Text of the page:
PHOENIX — Herman Cain and Rep. Ron Paul (R-Texas) emerged as the frontrunners in a tea party straw poll conducted this weekend.
Cain won the live presidential straw poll conducted at the Tea Party Patriots policy summit, while Paul swept the online vote.
Cain, a Georgia businessman who riled up activists at the conservative conference Friday evening, took 22 percent of the live vote.
Former Minnesota Gov. Tim Pawlenty came in second with 16 percent, followed by Paul with 15 percent and former Alaska Gov. Sarah Palin with 10 percent. But Paul stole the show online, where he received 50 percent of the vote. Cain came in second with 12 percent, followed by Palin with 9 percent.
About 1,600 people voted in person, while 2,300 of the people watching online cast their ballots.
“The mood at this summit shows that tea party activists are looking for leaders who share our principles of fiscal responsibility and limited government,” Tea Party Patriots National Coordinator Jenny Beth Martin said.
Conference attendees raved about Cain’s Friday evening speech, which focused on his opposition to President Barack Obama and the Democrats.
“This is what the left and liberals are most afraid of,” Cain said of the tea party movement. “The sleeping giant is awake, and it’s not going back to sleep.”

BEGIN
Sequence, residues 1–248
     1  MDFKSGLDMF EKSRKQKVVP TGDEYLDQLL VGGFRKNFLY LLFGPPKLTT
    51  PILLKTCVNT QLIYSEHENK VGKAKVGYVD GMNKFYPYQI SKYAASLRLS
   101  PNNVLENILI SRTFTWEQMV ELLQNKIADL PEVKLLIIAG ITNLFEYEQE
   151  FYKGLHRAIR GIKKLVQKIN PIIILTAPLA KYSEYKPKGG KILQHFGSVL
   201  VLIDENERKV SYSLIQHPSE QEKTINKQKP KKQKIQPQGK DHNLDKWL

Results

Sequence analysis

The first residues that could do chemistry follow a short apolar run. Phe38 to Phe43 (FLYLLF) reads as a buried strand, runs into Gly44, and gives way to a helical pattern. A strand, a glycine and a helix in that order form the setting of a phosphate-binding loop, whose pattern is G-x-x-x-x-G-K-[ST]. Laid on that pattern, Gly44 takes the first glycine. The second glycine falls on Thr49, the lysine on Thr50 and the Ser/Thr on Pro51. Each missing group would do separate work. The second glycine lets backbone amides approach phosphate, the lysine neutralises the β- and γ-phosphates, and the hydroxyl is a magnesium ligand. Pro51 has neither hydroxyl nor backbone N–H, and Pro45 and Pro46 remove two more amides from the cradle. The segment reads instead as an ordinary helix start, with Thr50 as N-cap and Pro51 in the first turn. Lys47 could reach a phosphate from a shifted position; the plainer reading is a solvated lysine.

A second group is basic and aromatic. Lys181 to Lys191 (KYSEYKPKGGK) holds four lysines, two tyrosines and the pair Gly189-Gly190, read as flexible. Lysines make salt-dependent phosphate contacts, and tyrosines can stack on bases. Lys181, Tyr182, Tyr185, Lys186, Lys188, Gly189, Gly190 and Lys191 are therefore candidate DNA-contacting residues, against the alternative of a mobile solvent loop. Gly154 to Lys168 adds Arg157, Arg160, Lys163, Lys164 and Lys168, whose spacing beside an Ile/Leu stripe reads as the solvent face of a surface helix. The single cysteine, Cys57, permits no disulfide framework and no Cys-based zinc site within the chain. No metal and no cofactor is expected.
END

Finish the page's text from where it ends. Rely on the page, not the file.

The tea party group had some trouble putting together the straw poll results. Some people did not confirm their votes over text message, spokesman Randy Lewis said, so the leaders had to do a last-minute recount.
Before the results were announced, Lewis said the poll was not definitive of whom the tea parties will back in the 2012 race.
“It’s not going to be terribly indicative of who is the frontrunner going into 2012 for the tea party, but I think it could be an early indicator,” Lewis said. “The tea party is going to be the base everyone’s going to want.”
Sen. Dianne Feinstein, D-Calif., chairman of the Senate Intelligence Committee, speaks with reporters in the Capitol after a speech on the Senate floor that accused the CIA of searching computers set up for Congressional staff for their research of interrogation programs.